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HE Three Wise Men sat together in their

club smoking-room. They were met there for a purpose—a solemnly resolved purposethough that fact was not to be discovered in the expression of their faces or their attitudes. The casual observer, glancing at them in that ignorant yet opiniated fashion which casual observers generally affect, would have sternly pronounced them to be idle loafers and loungers without a purpose of any sort, and only fit to be classified with the "drones" or do-nothings of the social hive. Three stalwart bodies reclined at ease in the soft depths of three roomy saddle-bag chairs; and from three cigars of the finest flavour three little spiral wreaths of pale blue smoke mounted steadily towards the ceiling. It was a fine day: the window was open, and outside roared the surging sea of human life in Piccadilly. Rays of sunshine danced round the Wise Men, polishing up the bald spot on head number one, malignly bringing into prominence the grey

hairs on head number two, and shining a warm approval on the curly brown locks of head number three. The screech of the wild newsboy echoed up and down the street—" Hextra speshul! Evening piper! Evening pepper! Piper! Westymin-ister speshul! Hall the winners!" A spruce dandy alighting from a hansom commenced a lively altercation with the cabby thereof, creating intense excitement in the breasts of four Christian brethren—to wit, a dirty crossing-sweeper, a match-seller, a District Messenger-boy and a man carrying a leaden water-pipe. “Call yerself a masher !” cried cabby vociferously. “Git along with yer, an' hask one of the club blokes to lend yer 'arf a crown!" Here the man carrying the leaden water-pipe became convulsed with mirth, and observed, “Bully, aint it?" confidentially to the messenger-boy, who grinningly agreed, the smartly dressed young dandy growing scarlet with rage and insulted dignity. The dispute was noisy, and some minutes elapsed before it was settledyet through it all the mystic Three Wise Men never stirred to see what was the matter, but smoked on in tranquil silence with closed eyes.

At last one of them moved, yawned, and broke the spell. He was fair, stoutish and florid; and when he opened his eyes they proved to be of a good clear blue_honest in expression, and evidently meant for fun; so much so, indeed, that though their owner was by no means in a laughing humour at the moment, he was powerless to repress their comic twinkle. His name was George - George Fairfax—and he was a “gentleman at ease," with nothing to do but to look after his estates, which, as he was not addicted to either betting, drinking, or gambling, brought him in a considerably substantial yearly income.

“Fact is," he said, addressing himself to his two companions, whose eyelids were still fast shut,

the world's a mistake. It ought never to have been created. Things go wrong in it from morning till night. Fellows who write books tell you how wrong it is; they ought to know." Here he knocked off the end of his cigar into the ash-tray. “Then read the newspapers: by the Lord Harry! they'll soon prove to you how wrong everything is everywhere!"

Man number two, in the chair next to Fairfax, happened to be the individual with the hair approved of by the sunshine-a long-limbed, wellbuilt fellow with a rather handsome face. Unclosing his eyes, which were dark and languid, he sighed wearily.

"No world in it!” he murmured in brief sleepy accents, “Social institutions—civilisation—wrong. Man meant for free life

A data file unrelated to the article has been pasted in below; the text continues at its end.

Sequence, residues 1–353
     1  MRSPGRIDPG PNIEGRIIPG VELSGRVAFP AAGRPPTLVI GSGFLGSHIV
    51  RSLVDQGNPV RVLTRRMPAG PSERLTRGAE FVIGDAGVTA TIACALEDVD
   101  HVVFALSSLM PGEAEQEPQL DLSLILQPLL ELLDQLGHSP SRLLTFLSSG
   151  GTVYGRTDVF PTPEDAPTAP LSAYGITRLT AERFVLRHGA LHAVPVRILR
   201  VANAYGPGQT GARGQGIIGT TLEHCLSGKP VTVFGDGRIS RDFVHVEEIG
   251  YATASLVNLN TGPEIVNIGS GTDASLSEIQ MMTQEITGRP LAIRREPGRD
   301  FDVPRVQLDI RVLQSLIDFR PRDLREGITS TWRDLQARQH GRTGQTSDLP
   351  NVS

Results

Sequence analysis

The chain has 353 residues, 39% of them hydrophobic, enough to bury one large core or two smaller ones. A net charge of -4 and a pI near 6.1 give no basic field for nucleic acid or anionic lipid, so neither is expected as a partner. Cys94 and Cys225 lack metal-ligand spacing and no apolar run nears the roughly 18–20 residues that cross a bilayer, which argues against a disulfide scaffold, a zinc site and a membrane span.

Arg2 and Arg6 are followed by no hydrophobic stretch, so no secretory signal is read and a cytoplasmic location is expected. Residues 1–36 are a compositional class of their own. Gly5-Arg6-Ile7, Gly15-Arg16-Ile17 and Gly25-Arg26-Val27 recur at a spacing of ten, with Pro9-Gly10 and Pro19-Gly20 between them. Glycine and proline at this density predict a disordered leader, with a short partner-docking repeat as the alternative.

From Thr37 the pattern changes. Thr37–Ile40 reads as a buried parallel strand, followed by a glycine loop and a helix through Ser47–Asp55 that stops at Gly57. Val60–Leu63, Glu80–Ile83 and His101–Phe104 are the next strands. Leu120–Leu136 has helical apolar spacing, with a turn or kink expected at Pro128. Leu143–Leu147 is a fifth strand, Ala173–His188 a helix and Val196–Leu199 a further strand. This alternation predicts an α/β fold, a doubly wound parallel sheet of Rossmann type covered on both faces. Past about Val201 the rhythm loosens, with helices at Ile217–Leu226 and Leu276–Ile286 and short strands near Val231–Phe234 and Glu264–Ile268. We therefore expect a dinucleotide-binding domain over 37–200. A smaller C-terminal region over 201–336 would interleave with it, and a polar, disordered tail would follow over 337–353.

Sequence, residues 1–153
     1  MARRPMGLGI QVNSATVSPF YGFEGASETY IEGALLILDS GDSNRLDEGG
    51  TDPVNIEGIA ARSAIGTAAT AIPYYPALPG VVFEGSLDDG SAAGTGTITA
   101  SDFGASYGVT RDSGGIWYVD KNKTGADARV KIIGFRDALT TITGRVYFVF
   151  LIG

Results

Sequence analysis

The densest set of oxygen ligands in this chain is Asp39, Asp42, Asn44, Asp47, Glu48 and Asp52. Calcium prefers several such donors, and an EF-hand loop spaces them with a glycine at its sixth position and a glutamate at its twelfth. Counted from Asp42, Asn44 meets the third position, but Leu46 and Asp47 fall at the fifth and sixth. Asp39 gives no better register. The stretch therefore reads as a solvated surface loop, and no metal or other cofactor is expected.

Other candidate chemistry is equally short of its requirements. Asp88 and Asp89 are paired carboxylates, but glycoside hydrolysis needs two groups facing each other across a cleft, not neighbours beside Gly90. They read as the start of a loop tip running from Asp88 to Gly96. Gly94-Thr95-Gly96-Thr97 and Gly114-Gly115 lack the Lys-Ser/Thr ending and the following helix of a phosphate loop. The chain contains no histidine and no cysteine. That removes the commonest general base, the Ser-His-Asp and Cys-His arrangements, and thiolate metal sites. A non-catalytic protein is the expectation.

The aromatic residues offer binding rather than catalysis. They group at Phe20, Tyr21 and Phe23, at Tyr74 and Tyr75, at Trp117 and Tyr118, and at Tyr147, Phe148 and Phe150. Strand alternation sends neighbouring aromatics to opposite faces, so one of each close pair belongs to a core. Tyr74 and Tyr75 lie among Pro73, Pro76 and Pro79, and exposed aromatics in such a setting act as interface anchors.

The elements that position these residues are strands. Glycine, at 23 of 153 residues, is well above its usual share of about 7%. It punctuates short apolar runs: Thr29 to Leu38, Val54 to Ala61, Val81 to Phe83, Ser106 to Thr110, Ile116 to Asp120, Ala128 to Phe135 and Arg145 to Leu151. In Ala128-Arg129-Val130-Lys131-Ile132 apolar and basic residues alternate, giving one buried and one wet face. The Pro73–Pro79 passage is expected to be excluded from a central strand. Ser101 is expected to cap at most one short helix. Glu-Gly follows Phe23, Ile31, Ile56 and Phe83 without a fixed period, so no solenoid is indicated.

savage forest; no houses-no clubs-raw meat-suits digestion-no dyspepsia-tear with fingers; polygamy. Read

Woman Who Did'--female polygamist-live with anybody, noble; marriage, base degradation white rose in hair-polygamous purity-died.”

Exhausted by this speech, he closed his eyes again, and would no doubt have relapsed into an easy slumber, had not Man number three suddenly waked up in earnest, disclosing a pair of very keen bright grey eyes, sparkling under brows that, by their shelving form, would have seemed to denote a fair depth of intelligence.

"Look here, you fellows,” he said sharply, “it's no use mincing matters. Things have come to a

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crisis. We must take the law into our own hands and see what can be done. Life as we live it-married life-has become impossible. You said so yourself, Adair"—this with head reproachfully turned towards the languid being with the shut eyes"you

said no man of sense or spirit would stand it !" Adair rolled his head feebly to and fro on the saddle-bag chair-pillow.

“Sense-spirit-all up in me!" he replied dolefully. “Pioneers !"

As this word escaped him, more in the way of a groan than an utterance, Man number three, otherwise known as John Dennison, gave a gesture of contempt. Dennison was a particularly lucky individual, who had managed to make a large fortune while he was yet young, through successful land speculations; and now at his present age of forty-eight he bore scarcely any traces of the passing of time, save the small bald spot on the top of his head which the sunlight had discovered, but which few less probing searchers would have perceived. He was of an energetic, determined temperament, and the listless attitude and confessed helplessness of Adair excited him to action. Shaking himself out of his reclining posture, and sitting bolt upright, he said sternly

“Look here, Adair, you're too lazy to go through with this thing. If you don't show a little more character and firmness, Fairfax and I will have to slope it without you.”

At this Adair opened his eyes wide, and also sat up, wearing an extremely astonished and injured expression.

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